Condry (2004)

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Advertising Architectural Publishing of books, periodicals and other publishing Programming and broadcasting Computer programming Computer consultancy Creative, arts and entertainment Cultural education

Film and motion pictures Sound recording and music publishing Photographic activities PR and communication Software publishing (including video games) Specialised design Television programmes Translation and interpretation

1. Relationship between protection (subject matter/term/scope) and supply/economic development/growth/welfare 2. Relationship between creative process and protection - what motivates creators (e.g. attribution; control; remuneration; time allocation)? 3. Harmony of interest assumption between authors and publishers (creators and producers/investors) 4. Effects of protection on industry structure (e.g. oligopolies; competition; economics of superstars; business models; technology adoption) 5. Understanding consumption/use (e.g. determinants of unlawful behaviour; user-generated content; social media)

A. Nature and Scope of exclusive rights (hyperlinking/browsing; reproduction right) B. Exceptions (distinguish innovation and public policy purposes; open-ended/closed list; commercial/non-commercial distinction) C. Mass digitisation/orphan works (non-use; extended collective licensing) D. Licensing and Business models (collecting societies; meta data; exchanges/hubs; windowing; crossborder availability) E. Fair remuneration (levies; copyright contracts) F. Enforcement (quantifying infringement; criminal sanctions; intermediary liability; graduated response; litigation and court data; commercial/non-commercial distinction; education and awareness)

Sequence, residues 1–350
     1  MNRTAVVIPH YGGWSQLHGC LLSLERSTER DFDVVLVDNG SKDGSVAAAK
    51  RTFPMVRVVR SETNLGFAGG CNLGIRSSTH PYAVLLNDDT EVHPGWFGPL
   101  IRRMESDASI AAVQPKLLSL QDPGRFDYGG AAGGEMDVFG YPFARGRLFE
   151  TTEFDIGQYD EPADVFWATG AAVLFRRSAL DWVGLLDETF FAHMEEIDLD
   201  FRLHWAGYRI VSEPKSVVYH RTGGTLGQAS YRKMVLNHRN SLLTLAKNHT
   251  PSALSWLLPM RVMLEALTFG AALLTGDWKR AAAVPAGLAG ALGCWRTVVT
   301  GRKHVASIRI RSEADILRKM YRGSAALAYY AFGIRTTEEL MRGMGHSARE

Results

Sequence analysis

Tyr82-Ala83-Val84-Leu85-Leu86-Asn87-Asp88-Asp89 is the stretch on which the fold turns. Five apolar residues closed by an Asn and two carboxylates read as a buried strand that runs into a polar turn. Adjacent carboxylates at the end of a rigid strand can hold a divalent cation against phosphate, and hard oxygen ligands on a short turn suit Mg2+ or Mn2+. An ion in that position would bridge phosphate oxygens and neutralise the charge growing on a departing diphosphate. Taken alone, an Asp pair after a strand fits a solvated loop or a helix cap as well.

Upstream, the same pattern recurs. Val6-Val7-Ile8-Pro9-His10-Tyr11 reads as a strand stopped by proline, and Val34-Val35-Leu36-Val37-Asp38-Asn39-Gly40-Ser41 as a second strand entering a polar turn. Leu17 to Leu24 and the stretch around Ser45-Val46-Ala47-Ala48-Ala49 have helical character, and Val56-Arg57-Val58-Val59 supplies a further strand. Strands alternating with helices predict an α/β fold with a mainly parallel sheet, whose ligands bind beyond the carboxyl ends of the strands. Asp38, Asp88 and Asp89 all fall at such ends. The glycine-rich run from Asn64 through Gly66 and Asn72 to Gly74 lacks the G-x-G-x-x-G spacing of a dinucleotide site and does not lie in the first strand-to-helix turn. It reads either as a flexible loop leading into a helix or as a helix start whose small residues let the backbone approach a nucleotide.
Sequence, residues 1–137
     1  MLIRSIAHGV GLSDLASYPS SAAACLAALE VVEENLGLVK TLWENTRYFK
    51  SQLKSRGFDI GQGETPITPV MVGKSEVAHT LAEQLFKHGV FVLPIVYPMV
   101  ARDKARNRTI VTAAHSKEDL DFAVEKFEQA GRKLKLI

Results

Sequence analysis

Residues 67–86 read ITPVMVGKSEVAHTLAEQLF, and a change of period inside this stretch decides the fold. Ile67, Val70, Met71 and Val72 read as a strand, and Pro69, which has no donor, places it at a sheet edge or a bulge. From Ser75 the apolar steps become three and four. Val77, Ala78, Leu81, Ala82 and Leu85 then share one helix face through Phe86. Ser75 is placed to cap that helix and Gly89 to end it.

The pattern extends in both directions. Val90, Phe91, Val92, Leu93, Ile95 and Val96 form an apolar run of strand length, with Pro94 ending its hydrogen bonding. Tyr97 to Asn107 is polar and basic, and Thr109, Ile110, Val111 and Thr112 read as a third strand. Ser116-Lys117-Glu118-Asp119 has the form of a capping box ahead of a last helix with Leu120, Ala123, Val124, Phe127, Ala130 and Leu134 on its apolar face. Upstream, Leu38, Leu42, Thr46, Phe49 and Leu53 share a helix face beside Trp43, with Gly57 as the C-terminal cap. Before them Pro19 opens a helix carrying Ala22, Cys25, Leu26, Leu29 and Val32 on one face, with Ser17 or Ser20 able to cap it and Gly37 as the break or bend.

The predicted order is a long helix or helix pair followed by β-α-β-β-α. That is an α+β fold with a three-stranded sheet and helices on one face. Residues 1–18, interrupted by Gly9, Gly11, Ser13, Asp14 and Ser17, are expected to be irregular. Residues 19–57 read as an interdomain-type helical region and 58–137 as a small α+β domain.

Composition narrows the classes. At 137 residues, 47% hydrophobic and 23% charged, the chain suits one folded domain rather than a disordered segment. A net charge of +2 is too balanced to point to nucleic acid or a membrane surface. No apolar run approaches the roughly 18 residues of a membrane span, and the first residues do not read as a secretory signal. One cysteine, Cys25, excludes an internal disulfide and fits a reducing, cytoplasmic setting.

Source Details

Condry (2004)
Title: Cultures of music piracy An ethnographic comparison of the US and Japan
Author(s): Condry, I
Year: 2004
Citation: Condry, I. (2004). Cultures of music piracy An ethnographic comparison of the US and Japan. International Journal of Cultural Studies, 7(3), 343-363.
Link(s): Definitive
Key Related Studies:
Discipline:
Linked by: Steinmetz and Tunnell (2013), Wang, Yang and Bhattacharjee (2011)
About the Data
Data Description: The article includes secondary data from RIAA and RIAA along with data from multiple other articles, Oberholzer, 2004 and Vogel, 2001 being examples.

The author also surveyed university students from the United States about illegal downloading using 70 essay question surveys.

Data Type: Primary and Secondary data
Secondary Data Sources:
Data Collection Methods:
Data Analysis Methods:
Industry(ies):
Country(ies):
Cross Country Study?: Yes
Comparative Study?: Yes
Literature review?: No
Government or policy study?: No
Time Period(s) of Collection:
  • 2003-2004
Funder(s):

Abstract